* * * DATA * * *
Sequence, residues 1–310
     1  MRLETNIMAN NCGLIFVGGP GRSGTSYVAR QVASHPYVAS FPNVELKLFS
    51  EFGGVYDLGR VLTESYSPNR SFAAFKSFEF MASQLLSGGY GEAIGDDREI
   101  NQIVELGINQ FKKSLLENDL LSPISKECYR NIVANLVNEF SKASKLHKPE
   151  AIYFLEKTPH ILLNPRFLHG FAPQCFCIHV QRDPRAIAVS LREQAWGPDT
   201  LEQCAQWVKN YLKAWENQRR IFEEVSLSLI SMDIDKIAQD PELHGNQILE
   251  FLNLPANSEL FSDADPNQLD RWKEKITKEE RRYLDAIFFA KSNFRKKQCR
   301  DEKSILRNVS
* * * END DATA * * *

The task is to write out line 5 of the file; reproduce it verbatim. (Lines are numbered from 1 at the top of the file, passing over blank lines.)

   151  AIYFLEKTPH ILLNPRFLHG FAPQCFCIHV QRDPRAIAVS LREQAWGPDT